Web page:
Vatican-China Bishop-appointment deal concerns

Chinese Catholics who belong to the country’s underground churches are worried.

They think the Vatican and Chinese government’s plan to sign an agreement about appointing bishops will mean legitimate bishops will have to step down in favour of state-appointed ones.

The agreement, which is only “a few months” away, would allow the Vatican to help appoint bishops in China.

At the same time, Chinese authorities will be given more control over the country’s underground churches.

These underground churches, which offer an alternative to state-sanctioned churches approved by Beijing, recognise only the Vatican’s authority.

The Beijing-approved state churches refuse to accept the Pope’s authority.

Chinese Catholics are concerned about the future of seven “illicit” government-backed Chinese bishops. At present, these bishops are not recognised by the Holy See and have been excommunicated.

Two bishops in Shantou and Mindong dioceses, who have been recognised by the Holy See have been asked to make way for illicit ones.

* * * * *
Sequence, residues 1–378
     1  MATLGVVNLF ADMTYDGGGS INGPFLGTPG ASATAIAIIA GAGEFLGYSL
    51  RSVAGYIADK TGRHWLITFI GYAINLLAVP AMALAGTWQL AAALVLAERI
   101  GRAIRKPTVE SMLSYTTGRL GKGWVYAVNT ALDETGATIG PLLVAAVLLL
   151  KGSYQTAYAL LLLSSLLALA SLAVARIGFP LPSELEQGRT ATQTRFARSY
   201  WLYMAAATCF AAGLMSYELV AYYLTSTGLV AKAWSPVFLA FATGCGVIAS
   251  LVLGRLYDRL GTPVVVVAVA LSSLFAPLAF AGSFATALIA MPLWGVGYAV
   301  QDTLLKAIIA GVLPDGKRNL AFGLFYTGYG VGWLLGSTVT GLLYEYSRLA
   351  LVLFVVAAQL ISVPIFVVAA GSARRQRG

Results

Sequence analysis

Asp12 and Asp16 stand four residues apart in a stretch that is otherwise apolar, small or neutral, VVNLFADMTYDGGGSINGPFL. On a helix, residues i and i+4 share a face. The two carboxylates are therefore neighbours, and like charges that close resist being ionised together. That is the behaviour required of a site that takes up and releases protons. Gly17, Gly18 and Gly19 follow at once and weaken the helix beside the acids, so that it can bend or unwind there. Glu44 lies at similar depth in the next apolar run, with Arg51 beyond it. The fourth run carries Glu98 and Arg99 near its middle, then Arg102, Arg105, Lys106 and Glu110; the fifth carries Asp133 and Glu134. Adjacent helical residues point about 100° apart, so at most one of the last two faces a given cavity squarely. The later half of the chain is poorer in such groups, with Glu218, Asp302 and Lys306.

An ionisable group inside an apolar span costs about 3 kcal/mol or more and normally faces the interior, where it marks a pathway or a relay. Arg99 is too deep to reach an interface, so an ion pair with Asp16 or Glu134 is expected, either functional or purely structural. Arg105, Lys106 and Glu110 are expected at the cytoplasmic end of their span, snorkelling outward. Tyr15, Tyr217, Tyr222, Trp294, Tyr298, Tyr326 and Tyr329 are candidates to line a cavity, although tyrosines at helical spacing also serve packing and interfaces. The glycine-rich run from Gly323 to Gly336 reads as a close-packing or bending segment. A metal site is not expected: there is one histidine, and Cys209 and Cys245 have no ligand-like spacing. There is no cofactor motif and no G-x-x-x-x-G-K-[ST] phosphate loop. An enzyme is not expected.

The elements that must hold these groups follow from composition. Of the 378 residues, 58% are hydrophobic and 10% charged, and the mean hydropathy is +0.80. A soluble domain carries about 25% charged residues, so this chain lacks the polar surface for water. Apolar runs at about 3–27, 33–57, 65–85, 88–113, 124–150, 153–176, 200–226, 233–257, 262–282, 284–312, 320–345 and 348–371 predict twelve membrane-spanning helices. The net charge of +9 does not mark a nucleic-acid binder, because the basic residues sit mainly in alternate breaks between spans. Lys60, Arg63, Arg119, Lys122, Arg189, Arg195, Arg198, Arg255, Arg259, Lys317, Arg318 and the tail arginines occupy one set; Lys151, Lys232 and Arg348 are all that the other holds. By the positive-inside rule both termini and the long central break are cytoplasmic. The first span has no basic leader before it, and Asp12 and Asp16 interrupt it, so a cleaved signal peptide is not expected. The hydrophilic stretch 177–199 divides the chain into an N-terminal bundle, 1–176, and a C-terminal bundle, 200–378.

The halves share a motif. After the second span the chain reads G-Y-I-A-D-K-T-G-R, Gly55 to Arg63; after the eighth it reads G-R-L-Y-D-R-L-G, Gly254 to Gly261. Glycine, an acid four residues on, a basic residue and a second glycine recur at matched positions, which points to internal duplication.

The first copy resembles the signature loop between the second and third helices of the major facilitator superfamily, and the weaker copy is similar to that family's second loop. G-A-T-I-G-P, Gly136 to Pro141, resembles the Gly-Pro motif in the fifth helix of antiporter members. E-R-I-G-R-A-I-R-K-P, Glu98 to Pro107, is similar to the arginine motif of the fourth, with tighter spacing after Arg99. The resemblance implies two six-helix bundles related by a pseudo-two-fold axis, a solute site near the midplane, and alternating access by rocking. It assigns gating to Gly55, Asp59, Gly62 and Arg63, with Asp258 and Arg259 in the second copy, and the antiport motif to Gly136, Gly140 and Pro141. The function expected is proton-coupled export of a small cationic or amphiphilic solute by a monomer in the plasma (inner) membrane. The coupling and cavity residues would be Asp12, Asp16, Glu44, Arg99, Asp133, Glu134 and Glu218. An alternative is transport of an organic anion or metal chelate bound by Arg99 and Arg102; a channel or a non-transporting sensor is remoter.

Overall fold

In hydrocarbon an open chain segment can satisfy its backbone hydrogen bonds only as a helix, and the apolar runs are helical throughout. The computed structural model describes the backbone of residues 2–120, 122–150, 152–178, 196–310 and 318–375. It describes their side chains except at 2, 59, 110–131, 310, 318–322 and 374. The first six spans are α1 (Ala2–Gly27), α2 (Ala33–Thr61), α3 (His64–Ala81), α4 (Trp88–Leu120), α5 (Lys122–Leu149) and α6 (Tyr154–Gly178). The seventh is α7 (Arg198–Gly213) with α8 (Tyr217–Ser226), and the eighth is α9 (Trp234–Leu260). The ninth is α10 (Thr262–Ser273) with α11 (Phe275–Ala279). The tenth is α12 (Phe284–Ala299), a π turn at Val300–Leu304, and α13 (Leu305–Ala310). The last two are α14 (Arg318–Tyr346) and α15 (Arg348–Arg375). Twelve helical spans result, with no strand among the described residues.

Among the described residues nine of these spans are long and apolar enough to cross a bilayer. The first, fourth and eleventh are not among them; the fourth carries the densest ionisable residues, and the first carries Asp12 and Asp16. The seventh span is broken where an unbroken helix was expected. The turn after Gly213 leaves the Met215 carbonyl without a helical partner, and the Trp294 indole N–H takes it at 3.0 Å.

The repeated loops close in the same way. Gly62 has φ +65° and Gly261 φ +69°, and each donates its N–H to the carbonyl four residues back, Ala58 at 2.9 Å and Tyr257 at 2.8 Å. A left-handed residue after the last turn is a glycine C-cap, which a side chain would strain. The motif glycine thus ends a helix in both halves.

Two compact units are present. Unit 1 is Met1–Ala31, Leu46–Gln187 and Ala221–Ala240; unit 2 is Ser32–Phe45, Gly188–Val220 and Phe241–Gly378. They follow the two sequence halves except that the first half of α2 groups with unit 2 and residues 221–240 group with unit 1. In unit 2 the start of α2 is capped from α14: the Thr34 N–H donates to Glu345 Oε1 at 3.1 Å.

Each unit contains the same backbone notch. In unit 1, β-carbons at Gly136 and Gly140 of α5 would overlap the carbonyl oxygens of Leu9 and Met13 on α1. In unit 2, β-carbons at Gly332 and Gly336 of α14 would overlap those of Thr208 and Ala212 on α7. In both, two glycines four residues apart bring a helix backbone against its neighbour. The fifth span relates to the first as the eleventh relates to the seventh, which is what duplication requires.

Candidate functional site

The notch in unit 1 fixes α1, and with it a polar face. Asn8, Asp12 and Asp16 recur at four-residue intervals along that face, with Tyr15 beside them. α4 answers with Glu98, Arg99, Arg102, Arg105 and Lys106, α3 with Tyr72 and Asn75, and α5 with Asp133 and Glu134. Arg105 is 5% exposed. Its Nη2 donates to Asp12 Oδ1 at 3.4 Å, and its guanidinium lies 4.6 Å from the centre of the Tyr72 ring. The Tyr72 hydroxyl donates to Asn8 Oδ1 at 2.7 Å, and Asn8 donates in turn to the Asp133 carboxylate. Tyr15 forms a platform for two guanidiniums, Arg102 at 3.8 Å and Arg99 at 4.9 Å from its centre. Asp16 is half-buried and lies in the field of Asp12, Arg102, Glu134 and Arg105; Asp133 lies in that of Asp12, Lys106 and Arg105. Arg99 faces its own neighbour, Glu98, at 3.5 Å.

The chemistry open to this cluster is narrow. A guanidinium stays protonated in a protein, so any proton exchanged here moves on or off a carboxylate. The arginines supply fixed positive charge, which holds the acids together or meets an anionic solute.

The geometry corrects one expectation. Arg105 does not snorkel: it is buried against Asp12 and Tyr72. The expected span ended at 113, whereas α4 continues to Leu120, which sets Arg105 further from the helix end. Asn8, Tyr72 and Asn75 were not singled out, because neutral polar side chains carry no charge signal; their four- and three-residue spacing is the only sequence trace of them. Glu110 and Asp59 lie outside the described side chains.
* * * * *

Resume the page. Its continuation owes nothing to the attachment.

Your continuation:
“We know that China and Vatican have been actively engaged in a dialogue, but we never expected that legitimate bishops would be asked to step down,” says a Chinese Catholic who refuses to be named.

She says in exchange for the agreement signed by the Holy See with the government, “the underground community needs to be sanctified.”

“Our faith tells us that God so loved the world that everything was best arranged by Him and He can bring good from evil, but now what is our future?

“Where is the church? And who is the shepherd? It is a burden for Catholics to have the game of politics imposed on them.”

The woman says the Holy See’s decision will make many Catholics leave the church as they “have no choice but to obey”.

An underground priest has also expressed concern. He says it’s a mistake for the Holy See to assume it can achieve unity by supporting the Communist Party-controlled Chinese Catholic Patriotic Association.

It’s “… like asking the underground church to take communion with the devil”. He says the underground church feels abandoned and betrayed.

Another underground Catholic says he thinks the Holy See is in a united front with China’s communist government.

Father John of Yunnan says the Holy See is in a hurry to establish relations with Chinese authorities.

With the Holy See being “blessed and generous to bishops of the association but not to bishops of underground churches,” he says it’s obvious underground bishops will transfer to open churches.

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